A MAGIC PUPPY! [Woeful Worship]: From The Depths Of B-Movie Hell.

A MAGIC PUPPY! [Woeful Worship]: From The Depths Of B-Movie Hell.

“El Sacerdote” J.L. Caraballo Twitter @captzaff007

“El Sacerdote” J.L. Caraballo Twitter @captzaff007

When we last left him, Eric Roberts had just been given back his children and released from Mary Crawford’s (David DeCocteau’s) basement, and given a map out through the mountains of the Pacific Northwest that hid the set of A Talking Cat!?! Only when he’d sobered up sufficiently did he realize… HA HA! SURPRISE! It was a trick! His children are mannequins, and the map he was given just led him right back to the set! And there, David DeCocteau, a case of whiskey, and a confused Kristine DeBell were waiting with a skeleton crew, a captured bulldog that had smelled their peanut butter trap, a pictogram script, and $50 to spend on the making of A Magic Puppy! (It says “A Magic Puppy” on the Netflix, where it can be found, but the title in the movie credits is “The Halloween Puppy“. Either title works well enough for our purposes, although chances are it will change throughout the writing of this column).

Current DVD cover. This dog does not appear in the movie at all.

Current DVD cover. This dog does not appear in the movie at all. The only resemblance is that it is a dog.

This time out, Eric Roberts plays not only a human, but also, thankfully, the voice of the Halloween Bulldog! The female Halloween bulldog! (???) Does THAT make any sense, fellow readers? Of course not, but thank you for answering anyway. But when you’re watching a movie whose opening credits feature MS-Paint style “spooky” images inter-cut with pictures of puppies that have absolutely nothing to do with the rest of the film (one dog has a Valentine’s Day heart, for crying out loud), and whose opening scene is a two minute-long POV shot intended to be “scary”, but it’s once again CLEARLY daytime, as filtered through neon blue, what were you expecting? Some of the creative decisions to actually be thought out? Seriously, this film (moreso than A Talking Cat!?!) is ridiculously lazy, which is a shame, because the actors here have at least a bit more chemistry, and there is an actual plot (and conflict!). You can sense that the actors have reserved themselves to the fact that until they actually make this movie, they won’t be let off the premises.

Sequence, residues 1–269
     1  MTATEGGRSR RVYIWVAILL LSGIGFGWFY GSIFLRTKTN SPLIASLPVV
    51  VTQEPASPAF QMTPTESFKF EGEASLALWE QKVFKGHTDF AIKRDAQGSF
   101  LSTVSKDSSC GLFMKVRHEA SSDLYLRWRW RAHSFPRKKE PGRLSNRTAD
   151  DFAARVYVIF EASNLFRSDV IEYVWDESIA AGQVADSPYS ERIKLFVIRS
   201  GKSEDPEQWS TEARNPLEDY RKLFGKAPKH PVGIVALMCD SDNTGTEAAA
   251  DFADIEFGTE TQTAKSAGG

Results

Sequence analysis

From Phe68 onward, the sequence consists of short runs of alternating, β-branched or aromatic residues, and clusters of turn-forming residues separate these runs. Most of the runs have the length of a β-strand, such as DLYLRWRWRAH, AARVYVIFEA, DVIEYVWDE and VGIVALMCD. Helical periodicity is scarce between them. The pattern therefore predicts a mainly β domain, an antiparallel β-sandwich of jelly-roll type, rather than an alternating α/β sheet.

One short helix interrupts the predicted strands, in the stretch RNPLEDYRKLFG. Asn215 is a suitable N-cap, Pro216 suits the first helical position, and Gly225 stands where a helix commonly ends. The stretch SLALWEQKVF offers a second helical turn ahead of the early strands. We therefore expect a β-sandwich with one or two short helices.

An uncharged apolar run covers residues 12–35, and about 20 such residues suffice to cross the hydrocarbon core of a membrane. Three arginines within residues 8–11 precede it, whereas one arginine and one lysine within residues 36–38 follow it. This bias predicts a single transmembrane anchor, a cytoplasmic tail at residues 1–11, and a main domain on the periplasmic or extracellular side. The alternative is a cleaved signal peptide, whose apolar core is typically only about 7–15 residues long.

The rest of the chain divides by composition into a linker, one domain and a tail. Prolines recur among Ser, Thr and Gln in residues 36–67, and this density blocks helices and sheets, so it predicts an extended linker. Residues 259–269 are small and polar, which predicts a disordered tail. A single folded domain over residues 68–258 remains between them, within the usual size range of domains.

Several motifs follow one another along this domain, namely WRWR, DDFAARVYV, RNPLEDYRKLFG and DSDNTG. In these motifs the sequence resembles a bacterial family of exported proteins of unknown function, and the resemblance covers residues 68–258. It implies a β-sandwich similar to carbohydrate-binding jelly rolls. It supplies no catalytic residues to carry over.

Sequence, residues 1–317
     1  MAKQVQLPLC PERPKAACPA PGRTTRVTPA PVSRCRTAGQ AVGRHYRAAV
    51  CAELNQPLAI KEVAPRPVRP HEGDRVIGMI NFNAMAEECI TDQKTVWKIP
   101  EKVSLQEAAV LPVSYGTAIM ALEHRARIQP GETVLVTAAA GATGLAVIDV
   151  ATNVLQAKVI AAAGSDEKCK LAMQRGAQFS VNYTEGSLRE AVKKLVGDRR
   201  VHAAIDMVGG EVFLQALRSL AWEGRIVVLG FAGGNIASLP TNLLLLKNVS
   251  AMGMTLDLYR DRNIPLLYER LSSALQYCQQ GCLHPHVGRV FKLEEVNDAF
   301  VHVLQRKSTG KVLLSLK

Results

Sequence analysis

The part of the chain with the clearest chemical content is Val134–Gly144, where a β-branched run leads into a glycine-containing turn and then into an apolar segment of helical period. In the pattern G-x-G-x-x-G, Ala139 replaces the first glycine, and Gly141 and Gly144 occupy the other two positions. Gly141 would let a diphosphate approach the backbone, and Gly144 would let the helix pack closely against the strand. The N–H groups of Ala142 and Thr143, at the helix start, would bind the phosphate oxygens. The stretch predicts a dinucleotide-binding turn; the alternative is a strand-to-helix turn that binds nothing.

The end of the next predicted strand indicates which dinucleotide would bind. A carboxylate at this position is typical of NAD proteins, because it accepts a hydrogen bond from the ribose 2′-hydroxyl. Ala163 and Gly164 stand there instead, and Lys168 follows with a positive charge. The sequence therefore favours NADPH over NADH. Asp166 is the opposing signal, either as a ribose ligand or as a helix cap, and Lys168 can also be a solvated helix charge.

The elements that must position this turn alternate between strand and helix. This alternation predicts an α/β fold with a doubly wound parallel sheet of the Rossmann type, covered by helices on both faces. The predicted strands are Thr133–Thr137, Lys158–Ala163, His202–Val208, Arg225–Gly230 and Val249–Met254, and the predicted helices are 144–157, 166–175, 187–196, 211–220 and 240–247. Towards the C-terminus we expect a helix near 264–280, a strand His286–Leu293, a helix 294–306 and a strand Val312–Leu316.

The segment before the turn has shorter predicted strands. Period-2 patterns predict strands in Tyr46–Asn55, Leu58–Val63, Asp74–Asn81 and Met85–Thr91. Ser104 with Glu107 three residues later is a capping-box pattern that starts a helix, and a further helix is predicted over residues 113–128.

First a cat, now a not-cat.

First a cat movie, and now THIS crap.

The two main young actors (Steven Crooks and Stephanie Shemanski) play Adam and Molly respectively. Adam is Linda’s (DeBell) son, and he is apparently obsessed with Halloween. We learn this because, once again, the characters just say it, rather than having us, the audience watching this motion picture, actually see it. Because what person watching a movie wants to see things happen? Why waste film when characters can just say facts? Film costs money, guys. This is as cost effective as it gets. What A/The Magic/Halloween Puppy gains in plot, it squanders in dumb, lazy decisions. Adam is bullied by two brothers (referred to, ominously as The Twins! Oh no! and played laxly by Lucas Adams and Ryan Greco) who couldn’t look any less alike if one was a car and the other a stuffed monkey, and who apparently have nothing better to do than wait slightly off-set until their cue to enter frame, steal a 1/4-full box of Halloween decorations, and spend 30 seconds going through them over and over, hoping to see something new within the box but, no, of course there isn’t anything new in there, guys. YOU JUST LOOKED. It is at this point that any parent would lay the smackdown, but no. Linda just stands there, watching her son get harassed, before making some vague sort of comeback, and then wanders off. And this happens more than once. Damn…even the characters don’t care.

These are the best Halloween costumes they could think of.

These are the best Halloween costumes they could think of.

And then there’s Molly, who is played as if she’d just downed a bottle of Nyquil, or had just been woken up after being assured that if she just goes to sleep, she’ll wake up in bed and not on the set of a gay erotica film series. She’s interesting enough to watch, if just to wonder what is up with her. Was Ms. Shemanski just bored, or is the character a legitimate stoner? Was someone lighting up the Northern Lights just slightly off-set? Did she accidentally drink the special coffee that was being fed to Eric Roberts? At least she and Adam have some sort of chemistry going, and it makes the idea of them being friends an easier sell…although…man, he is whiningly annoying in this thing, and annoyingly naive. Seriously, Molly, wake up. Did Eric Roberts put something in that box of donuts he’d brought into his first scene, the donuts that he poked his fingers into after licking them?